A team of Orrick attorneys successfully defended client Travis Kalanick, founder and former CEO of Uber Technologies, Inc., in a securities class action filed in the Northern District of California. Plaintiffs, represented by Robbins Geller, filed an action in September 2017 on behalf of series D-G institutional investors, alleging that Uber and Mr. Kalanick violated California state securities laws by making years of materially misleading statements concerning alleged regulatory violations and government investigations, data security breaches, autonomous driving technology and alleged sexual harassment and gender discrimination. When the various scandals and investigations were eventually revealed throughout the tumultuous 2017 time period, the complaint alleged, Kalanick was forced from the company and Uber’s value declined.
Orrick moved to dismiss on the grounds that Mr. Kalanick never sold or offered to sell his shares (a requirement under California law), and did not make materially misleading statements. Because the Reform Act’s mandatory discovery stay does not apply to state law securities claims, Plaintiffs sought immediately to compel discovery from Uber and Mr. Kalanick, which would have given them a significant advantage in amending their complaint. Defendants therefore moved to stay discovery, and the Court granted that motion, staying all discovery pending resolution of the motion to dismiss.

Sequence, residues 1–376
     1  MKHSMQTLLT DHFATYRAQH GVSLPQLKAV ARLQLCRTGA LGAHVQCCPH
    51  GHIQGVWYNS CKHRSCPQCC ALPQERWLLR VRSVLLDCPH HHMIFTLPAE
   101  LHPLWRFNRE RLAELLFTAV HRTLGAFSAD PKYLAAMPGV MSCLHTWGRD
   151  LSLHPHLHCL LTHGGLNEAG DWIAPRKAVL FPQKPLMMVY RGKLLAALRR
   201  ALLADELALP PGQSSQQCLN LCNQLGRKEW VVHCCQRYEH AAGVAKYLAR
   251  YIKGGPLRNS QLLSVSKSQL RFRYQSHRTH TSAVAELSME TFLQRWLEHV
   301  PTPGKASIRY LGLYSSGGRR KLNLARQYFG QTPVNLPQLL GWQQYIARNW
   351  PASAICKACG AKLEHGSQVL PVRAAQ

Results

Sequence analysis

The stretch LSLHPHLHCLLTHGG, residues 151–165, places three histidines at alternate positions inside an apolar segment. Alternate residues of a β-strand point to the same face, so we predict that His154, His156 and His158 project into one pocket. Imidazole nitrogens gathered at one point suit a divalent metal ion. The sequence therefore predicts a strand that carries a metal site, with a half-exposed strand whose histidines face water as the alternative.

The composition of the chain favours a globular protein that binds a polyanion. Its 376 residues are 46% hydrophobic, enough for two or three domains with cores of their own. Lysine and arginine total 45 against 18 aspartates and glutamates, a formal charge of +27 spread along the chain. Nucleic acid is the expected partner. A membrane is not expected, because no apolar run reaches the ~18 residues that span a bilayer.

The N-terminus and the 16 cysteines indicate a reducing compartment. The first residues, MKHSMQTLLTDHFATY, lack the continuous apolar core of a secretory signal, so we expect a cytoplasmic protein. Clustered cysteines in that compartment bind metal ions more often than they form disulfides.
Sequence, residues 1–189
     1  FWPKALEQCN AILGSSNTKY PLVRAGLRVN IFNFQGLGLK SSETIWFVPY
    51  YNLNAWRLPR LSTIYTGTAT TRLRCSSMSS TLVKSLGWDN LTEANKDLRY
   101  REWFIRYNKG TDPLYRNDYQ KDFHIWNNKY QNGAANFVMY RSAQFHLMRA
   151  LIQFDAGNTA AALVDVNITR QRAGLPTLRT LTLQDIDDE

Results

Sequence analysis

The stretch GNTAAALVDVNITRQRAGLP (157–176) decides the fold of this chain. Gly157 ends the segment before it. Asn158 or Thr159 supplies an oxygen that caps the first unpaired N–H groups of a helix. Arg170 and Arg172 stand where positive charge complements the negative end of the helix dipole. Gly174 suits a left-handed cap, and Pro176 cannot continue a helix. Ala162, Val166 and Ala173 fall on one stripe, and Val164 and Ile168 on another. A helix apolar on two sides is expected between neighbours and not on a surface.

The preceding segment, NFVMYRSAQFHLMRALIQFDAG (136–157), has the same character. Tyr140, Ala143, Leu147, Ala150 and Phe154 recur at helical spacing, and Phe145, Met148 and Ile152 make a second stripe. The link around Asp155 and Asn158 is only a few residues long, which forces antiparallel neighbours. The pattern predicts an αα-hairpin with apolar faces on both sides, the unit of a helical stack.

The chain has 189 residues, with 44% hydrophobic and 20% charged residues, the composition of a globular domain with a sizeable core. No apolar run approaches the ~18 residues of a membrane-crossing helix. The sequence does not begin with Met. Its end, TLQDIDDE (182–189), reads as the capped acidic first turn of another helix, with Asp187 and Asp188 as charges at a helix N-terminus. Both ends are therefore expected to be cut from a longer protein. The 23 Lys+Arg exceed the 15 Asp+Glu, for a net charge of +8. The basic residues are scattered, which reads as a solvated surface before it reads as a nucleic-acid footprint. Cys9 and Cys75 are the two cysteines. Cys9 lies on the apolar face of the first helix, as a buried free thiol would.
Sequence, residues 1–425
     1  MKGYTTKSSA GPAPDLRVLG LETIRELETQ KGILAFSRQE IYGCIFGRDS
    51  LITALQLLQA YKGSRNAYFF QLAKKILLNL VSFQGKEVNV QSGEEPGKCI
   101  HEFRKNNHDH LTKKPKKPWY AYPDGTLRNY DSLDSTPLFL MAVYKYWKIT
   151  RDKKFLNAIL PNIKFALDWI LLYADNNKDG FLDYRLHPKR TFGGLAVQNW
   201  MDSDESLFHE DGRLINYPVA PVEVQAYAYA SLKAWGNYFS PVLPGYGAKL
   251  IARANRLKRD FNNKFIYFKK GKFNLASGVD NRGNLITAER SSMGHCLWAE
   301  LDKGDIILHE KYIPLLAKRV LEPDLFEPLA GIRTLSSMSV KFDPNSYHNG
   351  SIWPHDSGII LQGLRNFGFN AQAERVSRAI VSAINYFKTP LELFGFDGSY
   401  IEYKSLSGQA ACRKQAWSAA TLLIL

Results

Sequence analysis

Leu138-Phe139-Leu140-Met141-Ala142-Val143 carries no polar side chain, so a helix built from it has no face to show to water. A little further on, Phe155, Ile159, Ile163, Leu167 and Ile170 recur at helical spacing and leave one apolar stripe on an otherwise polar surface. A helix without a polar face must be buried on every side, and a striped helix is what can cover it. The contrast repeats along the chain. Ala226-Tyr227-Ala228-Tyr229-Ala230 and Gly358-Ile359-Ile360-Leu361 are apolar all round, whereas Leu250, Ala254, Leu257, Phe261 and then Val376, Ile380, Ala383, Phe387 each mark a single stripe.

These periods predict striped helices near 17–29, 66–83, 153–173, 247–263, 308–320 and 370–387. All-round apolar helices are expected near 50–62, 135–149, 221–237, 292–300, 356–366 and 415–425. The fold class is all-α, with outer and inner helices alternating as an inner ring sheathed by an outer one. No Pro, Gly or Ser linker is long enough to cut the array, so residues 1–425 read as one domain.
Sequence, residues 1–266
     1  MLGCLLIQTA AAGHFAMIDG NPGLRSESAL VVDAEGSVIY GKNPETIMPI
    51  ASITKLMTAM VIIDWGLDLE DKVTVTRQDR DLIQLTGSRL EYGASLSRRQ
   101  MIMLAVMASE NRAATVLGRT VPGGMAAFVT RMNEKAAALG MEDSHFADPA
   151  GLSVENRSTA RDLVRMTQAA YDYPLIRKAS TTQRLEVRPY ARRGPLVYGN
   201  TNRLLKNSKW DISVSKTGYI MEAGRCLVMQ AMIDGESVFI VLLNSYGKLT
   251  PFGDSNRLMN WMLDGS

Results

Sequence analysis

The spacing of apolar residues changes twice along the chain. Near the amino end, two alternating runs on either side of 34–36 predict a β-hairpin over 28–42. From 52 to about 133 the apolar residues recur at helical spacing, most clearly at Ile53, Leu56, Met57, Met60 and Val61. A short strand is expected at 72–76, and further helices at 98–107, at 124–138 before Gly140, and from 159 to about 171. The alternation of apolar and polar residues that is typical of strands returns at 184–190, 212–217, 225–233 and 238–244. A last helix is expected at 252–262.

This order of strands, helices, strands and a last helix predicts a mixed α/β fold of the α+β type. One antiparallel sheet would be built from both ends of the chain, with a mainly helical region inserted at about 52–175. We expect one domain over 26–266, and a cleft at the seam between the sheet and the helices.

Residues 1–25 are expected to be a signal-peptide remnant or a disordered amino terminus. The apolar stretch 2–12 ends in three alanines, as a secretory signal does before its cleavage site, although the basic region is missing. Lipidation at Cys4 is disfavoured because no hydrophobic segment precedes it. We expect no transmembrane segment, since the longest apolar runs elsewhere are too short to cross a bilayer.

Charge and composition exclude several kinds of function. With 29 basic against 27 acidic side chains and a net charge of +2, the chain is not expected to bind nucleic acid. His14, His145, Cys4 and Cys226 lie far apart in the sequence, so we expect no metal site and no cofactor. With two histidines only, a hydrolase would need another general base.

On August 31, 2018, the Court granted Mr. Kalanick’s and Uber’s motion to dismiss with leave to amend, ruling that the Complaint failed to allege Kalanick and Uber had made any materially misleading statements. Plaintiffs thereafter filed a second amended complaint, which Kalanick and Uber again moved to dismiss, arguing that the new pleading merely repackaged the original complaint’s deficient allegations. The district court agreed, and on July 31, 2019, United States District Judge Haywood Gilliam dismissed the case with prejudice.